"Years ago, when my parents were attempting to teach us, as children, the value of money, my Mom shared her personal story, as a 5-year old.
The family was on their way to the Barnum & Bailey "Greatest Show on Earth" and while driving only a few blocks from home, her Dad gave her a nickel to spend. She could almost taste the gooey, instantly-dissolving, pastel pink cotton candy. But when she looked despairingly at that one, nickel coin, she erupted in 5-year old fashion and of all things, threw it out the open window and into thick underbrush, alongside the roadway.
Brakes squealed! Necks swiveled around! My grandfather immediately pulled onto the shoulder of the road and got out of the car. He didn't raise his voice... God only know how, but calmly held her by the forearm saying, "Young lady, you're going to scrounge through the area until you find that nickel."
Close to two hours later, the search was called off, unresolved. The only fact that remained was the finale of B&B was probably over. Visions of elephants with silver and leather garb, horses with colorfully costumed lady riders, and clowns that literally exploded laughter from the audience .well, all but my grandparents and my Mom! Tears had stained her little rosy cheeks, and thorny bushes along that roadside had thrashed her slender legs and arms. No circus that year.
Well, obviously, we kids were all spellbound with her story. It might have meant more to us, if that coin had been a quarter or half dollar, but nonetheless, the point was made.
So, to bring it even closer to us, you must know, the "Greatest Show on Earth" had become an important part of our Mom's life, to the extent, whenever the circus would be arriving in town, she even let us "skip school" just to go to the circus grounds as they arrived by elephants pulling train cars to the massive tent site. Sometimes, we didn't have the necessary "greenies" to actually attend the performance, but we did get to meet clowns with partial make-up, someone walking around on stilts, and the most incredible opportunity was visiting with the horse trainer and his team of white stallions. His pleasure was allowing us to actually ride on their bareback for a couple of minutes. We'd brag about that for some time.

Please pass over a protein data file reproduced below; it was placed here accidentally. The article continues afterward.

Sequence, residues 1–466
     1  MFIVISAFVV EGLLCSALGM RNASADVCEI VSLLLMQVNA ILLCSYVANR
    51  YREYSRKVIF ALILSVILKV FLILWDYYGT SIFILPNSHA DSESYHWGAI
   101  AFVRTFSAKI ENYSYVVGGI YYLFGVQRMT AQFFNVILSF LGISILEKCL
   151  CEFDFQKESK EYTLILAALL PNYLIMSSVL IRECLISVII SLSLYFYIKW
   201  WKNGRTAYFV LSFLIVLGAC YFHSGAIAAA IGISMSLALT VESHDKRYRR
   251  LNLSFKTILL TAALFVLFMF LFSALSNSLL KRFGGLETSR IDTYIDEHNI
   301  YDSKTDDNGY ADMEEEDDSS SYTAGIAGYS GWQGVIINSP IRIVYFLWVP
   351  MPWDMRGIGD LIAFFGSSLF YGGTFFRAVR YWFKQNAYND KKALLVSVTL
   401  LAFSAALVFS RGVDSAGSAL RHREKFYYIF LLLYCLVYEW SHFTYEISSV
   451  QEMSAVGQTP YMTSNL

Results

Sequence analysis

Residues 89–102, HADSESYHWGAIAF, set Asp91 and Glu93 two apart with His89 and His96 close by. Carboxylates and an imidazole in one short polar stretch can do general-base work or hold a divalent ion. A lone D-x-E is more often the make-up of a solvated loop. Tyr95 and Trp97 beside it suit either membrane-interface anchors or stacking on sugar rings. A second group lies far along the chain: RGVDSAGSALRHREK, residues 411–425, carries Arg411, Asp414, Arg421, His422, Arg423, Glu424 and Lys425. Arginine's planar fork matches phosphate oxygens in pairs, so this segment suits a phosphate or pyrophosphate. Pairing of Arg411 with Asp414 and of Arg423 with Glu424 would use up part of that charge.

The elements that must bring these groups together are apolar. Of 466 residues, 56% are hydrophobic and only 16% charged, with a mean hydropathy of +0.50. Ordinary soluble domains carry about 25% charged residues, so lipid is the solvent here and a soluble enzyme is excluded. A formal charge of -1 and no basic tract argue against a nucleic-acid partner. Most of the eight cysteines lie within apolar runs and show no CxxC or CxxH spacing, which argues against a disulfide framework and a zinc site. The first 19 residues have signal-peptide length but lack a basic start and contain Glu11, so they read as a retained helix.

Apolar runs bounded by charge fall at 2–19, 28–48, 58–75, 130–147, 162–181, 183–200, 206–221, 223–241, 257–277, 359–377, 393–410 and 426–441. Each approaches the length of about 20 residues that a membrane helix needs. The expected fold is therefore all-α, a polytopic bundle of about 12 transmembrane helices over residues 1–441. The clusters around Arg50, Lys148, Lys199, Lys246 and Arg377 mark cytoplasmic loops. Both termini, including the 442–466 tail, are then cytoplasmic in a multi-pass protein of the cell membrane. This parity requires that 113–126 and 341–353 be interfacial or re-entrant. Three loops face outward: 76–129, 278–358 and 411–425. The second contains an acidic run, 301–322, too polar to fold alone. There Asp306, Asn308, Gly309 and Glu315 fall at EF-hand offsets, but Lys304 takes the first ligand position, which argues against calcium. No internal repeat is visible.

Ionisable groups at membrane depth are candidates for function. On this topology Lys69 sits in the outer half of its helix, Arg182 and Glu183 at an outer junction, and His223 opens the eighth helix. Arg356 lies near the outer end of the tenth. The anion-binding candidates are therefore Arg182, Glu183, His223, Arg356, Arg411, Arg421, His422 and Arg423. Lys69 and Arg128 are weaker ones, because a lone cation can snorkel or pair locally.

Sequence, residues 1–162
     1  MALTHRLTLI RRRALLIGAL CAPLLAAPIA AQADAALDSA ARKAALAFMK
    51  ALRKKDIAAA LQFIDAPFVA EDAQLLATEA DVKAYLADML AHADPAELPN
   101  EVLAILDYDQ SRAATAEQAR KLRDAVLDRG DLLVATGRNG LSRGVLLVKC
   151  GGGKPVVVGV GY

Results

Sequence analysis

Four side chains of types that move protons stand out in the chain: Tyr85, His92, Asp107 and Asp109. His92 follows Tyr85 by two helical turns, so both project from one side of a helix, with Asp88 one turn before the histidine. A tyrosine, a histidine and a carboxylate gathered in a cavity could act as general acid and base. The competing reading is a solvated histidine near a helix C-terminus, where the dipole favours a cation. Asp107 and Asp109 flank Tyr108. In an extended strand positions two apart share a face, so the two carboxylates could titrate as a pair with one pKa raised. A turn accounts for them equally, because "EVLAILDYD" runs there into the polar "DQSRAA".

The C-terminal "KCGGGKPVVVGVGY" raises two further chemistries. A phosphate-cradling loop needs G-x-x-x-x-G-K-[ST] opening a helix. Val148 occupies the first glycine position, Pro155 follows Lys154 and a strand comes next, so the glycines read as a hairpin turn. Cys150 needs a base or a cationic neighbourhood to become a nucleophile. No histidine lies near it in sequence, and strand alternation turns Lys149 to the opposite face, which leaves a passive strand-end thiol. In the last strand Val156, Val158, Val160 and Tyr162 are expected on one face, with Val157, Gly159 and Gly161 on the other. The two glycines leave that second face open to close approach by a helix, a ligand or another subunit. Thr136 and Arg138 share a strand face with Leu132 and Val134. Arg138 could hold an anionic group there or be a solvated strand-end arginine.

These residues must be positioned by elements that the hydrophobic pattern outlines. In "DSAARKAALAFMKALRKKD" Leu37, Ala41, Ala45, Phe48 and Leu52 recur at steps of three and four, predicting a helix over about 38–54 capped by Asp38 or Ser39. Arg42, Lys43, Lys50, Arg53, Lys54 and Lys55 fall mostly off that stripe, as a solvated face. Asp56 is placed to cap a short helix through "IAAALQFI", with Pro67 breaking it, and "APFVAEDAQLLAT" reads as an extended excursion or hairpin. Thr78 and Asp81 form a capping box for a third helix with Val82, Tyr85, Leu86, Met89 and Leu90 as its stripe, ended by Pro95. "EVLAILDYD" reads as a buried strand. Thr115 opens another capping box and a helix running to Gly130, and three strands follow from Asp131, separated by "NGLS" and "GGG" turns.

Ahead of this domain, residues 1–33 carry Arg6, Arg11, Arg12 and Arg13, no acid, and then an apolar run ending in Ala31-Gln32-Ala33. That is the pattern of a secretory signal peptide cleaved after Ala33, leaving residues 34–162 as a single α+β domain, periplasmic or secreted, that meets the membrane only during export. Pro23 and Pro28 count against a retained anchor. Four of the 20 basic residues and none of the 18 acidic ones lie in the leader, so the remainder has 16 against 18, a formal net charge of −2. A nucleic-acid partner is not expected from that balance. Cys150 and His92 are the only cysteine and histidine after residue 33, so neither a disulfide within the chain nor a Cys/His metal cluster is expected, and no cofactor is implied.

OK! So now, you're asking yourself, "How does this plug into learning the value of money?" Well, our granddad had a close friend and business associate that owned a candy distributorship. We were asked to come-on-down to his shop and select a box of our favorite goodies. Wow! We each chose a box of Fleer's Bubblegum. . 50 individual pieces in each box . . Chewing gum heaven! Thank you's were the understatement! We were told we could only take one piece of gum to school per day. I remember tearing mine into fourths, so they'd last longer, because we had to spit-out any gum, when we were in class. Classmates asked for a piece, and it was hard to turn 'em down, but we did. However, one morning, a friend asked if she could pay me for my whole piece of bubblegum. I asked, "How much do you have?" She responded, "I have my quarter for school lunch." "That'll do!" I responded. Both of us were proud as pigs!
But that afternoon, my bubblegum sale leaked out to my mom, and you know what came next. I was scolded but not spanked. That would've been better. Oh, no! My mom made me give my flamboyant bubblegum chewer friend 5 pieces for f-r-e-e, plus an apology. Lesson learned! Sure, inflation was involved, but I've never forgotten the value of just a nickel or what it might've bought back then!"
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"Just a Nickel" by Jill H. Garrett
Categories: Stories and Memories
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